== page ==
A 20-acre oasis of tranquility awaits those willing to make the drive to Stirling City.
This Butte County town with a population of 374 people is home to a majestic private park at an elevation of 3,500 feet.
I visited the park for the first time earlier this month with the Native Plant Society’s Lassen Chapter. While there were plenty of native plants to look at—ponderosa pine, sugar pine, Douglas fir, white fir, quaking aspen, black oak, incense cedar, fern, rush, and manzanita, to name a few—this park also hosts many nonnative flora.
Other specimens (some native, some not) that were identified included golden rod, tanbark oak, naked buckwheat, wild cherries, acacia, St. John’s wort, dogwood, and Sierra redwood.
In May and June the wildflowers are said to be magnificent.
Our leader Marjorie was correct in calling this a peaceful place to enjoy nature, as we embraced the solitude.
Three ponds on the grounds are pumped and the water recycled. Paths are gentle as they weave around areas that are more developed, and some that are wooded and more natural.
Small statues of children are placed throughout the park. The caretaker told our group these were bought by Harry Merlo to commemorate his childhood. One shows a boy with a dog, another is a child fishing, one is of a kid playing ball.
Placards are next to trees that have been planted in honor of someone who has died, signifying how important this park must have been to that person and their loved ones.
Harry A. Merlo dedicated the park to his late mother, Clotilde, in 1987. She had died in 1962. Clotilde had immigrated to Stirling City from Italy. The park is near where Harry grew up. This is where the Diamond Match sawmill used to be.
Growing up in a lumber community it’s not a surprise that he became an executive of Georgia-Pacific. When Louisiana Pacific spun off from Georgia-Pacific, Merlo became the CEO of LP, a position he held from 1973-95. At that time LP was headquartered in Portland, which is where Merlo spent most of his life. Merlo died in 2016 at the age of 91.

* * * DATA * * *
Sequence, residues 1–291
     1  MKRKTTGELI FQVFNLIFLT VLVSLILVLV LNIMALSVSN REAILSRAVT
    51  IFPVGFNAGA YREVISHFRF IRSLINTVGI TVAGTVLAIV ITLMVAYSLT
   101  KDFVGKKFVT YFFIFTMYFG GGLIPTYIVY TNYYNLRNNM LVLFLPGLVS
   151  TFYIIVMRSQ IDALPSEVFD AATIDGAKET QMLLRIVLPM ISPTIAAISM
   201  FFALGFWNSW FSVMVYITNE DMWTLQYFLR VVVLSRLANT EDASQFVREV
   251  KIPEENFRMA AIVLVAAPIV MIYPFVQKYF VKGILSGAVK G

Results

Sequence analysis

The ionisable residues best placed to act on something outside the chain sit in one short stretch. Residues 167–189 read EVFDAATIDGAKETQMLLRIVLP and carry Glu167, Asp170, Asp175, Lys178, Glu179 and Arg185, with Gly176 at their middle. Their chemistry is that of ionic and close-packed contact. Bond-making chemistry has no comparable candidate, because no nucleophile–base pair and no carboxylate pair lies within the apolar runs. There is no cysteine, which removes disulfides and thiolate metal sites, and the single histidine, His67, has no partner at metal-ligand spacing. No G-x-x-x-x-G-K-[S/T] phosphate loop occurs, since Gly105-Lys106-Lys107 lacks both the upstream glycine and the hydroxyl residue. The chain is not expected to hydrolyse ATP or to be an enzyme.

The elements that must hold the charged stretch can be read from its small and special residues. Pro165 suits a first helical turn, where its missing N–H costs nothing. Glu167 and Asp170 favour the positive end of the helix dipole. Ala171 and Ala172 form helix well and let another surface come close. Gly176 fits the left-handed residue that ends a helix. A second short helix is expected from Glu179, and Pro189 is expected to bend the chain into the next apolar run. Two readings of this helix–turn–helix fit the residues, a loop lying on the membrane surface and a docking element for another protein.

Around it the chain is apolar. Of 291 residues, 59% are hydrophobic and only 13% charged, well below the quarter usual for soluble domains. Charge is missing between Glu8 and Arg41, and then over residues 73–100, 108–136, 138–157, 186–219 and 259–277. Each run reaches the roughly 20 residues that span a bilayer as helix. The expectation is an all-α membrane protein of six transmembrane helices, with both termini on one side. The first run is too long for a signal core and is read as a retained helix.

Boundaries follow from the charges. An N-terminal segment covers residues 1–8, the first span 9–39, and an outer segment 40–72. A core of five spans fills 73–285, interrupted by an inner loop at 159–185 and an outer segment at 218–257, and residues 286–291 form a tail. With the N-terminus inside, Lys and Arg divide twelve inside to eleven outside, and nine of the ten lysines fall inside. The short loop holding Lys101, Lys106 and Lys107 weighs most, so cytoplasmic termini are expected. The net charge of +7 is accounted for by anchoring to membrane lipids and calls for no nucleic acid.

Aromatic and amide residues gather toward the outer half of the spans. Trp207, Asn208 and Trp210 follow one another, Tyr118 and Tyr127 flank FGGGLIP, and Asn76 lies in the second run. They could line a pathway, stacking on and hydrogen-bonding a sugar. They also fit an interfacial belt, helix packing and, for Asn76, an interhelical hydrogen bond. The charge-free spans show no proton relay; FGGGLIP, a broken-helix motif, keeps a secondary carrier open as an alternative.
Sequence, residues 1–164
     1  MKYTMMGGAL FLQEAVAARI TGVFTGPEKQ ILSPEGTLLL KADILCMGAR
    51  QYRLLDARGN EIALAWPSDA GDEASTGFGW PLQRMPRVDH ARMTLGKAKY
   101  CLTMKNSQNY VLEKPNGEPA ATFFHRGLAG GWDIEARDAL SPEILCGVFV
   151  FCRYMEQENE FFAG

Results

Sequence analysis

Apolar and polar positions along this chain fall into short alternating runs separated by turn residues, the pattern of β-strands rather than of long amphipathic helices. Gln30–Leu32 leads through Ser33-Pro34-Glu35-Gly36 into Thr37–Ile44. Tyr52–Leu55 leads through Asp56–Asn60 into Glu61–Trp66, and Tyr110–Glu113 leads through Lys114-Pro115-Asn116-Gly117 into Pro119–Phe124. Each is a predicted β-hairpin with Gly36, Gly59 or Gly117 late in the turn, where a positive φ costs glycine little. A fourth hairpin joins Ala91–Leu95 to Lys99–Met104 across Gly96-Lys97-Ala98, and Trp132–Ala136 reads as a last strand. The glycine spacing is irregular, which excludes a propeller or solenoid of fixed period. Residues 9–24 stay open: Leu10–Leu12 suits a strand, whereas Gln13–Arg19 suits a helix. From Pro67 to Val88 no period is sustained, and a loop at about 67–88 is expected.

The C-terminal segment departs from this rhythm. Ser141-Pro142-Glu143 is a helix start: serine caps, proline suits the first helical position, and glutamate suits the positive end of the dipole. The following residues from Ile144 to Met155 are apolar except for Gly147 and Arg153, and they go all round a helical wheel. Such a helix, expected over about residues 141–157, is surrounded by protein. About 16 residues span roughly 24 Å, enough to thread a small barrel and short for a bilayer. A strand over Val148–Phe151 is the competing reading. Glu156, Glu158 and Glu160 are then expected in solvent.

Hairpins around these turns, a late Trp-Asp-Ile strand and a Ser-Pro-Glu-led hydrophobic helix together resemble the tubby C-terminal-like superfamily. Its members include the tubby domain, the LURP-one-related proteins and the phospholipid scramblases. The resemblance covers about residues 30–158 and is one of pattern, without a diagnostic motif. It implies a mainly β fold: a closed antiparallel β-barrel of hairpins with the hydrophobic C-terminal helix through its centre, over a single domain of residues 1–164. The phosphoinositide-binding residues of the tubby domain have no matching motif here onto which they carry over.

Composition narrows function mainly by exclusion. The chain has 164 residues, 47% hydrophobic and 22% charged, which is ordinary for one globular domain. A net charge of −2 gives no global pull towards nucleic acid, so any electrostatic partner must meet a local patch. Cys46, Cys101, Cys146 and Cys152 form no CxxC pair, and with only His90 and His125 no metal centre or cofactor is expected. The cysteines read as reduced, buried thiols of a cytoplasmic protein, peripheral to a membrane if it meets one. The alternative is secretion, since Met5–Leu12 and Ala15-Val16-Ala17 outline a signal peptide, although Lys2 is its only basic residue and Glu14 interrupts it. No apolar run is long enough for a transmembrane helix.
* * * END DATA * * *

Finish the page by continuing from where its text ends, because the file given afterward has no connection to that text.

Today the park is run by a nonprofit foundation. There is no cost to visit, though it is not open in the winter. It will close this season on Oct. 17, and will reopen on Mother’s Day.
The park’s Facebook page says, “Coltilde was a war widow who came from Italy in 1920 with her small son, Pete. She met and married Joseph Merlo, also widowed with two small children, Caroline and Amiel. They had three sons, John, Harry and Frank. She was the foremost teacher in her children’s lives as well as running a boarding house for Joseph’s co-workers from the nearby sawmill. After WWII, she moved to Berkeley with her three youngest sons where she worked to help them through the university.”
A plaque at the park says, “It is the intention of the Harry A. Merlo Foundation that this park bring peace, tranquility and dignity in remembrance of the many emigrants who, in the first decades of the 1900s, settled in the community of Stirling City.”